Exploring the current and historical tensions between liberal capitalism and indigenous models of family life, Ian Kelvin Hyslop argues for a new model of child protection in Aotearoa New Zealand and other parts of the Anglophone world. He puts forward the case that child safety can only be sustainably advanced by policy initiatives which promote social and economic equality and from practice which takes meaningful account of the complex relationship between economic circumstances and the lived realities of service users.
"Although focused on Aotearoa (New Zealand), Ian Hyslop’s scholarly and passionate new book has significant global resonances for those of us concerned about the neoliberal steered evolution of 'child protection'." Paul Michael Garrett, NUI Galway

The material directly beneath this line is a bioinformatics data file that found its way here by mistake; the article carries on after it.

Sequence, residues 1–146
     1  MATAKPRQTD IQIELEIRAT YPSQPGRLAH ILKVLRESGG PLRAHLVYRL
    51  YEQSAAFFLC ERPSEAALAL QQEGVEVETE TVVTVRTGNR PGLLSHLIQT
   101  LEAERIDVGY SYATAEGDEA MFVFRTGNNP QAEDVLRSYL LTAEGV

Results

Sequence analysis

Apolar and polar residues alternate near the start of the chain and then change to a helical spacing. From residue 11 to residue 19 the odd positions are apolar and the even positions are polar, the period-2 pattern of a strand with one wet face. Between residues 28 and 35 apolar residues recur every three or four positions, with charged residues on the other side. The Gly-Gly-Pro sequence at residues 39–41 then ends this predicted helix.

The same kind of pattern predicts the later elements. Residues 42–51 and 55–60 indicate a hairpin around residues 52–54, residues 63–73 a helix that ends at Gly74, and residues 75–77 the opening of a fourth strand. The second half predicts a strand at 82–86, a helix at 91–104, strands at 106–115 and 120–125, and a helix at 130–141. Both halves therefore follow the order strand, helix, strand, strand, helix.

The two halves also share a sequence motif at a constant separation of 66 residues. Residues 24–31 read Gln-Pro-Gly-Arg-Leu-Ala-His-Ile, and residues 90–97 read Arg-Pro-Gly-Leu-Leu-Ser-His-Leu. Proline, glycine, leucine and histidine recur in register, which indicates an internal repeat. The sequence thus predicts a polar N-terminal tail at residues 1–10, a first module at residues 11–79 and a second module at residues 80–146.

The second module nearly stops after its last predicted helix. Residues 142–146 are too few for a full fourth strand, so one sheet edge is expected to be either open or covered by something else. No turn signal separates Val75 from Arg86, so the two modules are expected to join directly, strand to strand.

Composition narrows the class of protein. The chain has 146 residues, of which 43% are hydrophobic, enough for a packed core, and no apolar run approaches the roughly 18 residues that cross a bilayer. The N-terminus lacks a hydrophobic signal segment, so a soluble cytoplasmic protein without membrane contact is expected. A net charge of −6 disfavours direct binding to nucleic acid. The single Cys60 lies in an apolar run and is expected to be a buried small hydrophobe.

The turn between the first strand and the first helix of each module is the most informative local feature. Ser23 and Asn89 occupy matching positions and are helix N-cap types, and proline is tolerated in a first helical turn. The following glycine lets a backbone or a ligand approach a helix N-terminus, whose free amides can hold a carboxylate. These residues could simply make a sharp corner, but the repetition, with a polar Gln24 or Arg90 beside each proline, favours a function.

"A captivating analysis of the historical development of Aotearoa New Zealand child protection policy. It challenges the reader to think critically about statutory child protection and future possibilities." Nicky Stanley-Clarke, Massey University
“A fascinating analysis of the development of child protection in Aotearoa and an important contribution to the growing critical appraisal of child protection policies and practices across the Western World. Clear, insightful and convincing.” Nigel Parton, University of Huddersfield
Ian Kelvin Hyslop is a senior lecturer in Counselling, Human Services and Social Work at the University of Auckland, New Zealand. He worked in statutory child protection for 20 years of his working life and is passionate about aligning social work practice with the pursuit of social justice.
Power structures and problem definition;
Origins of child protection in Aotearoa;
Post-war child welfare;
The 1980s: a storm builds and breaks;
Revolution from above: the neoliberal turn;
Cycles of crisis and review;
Building a new paradigm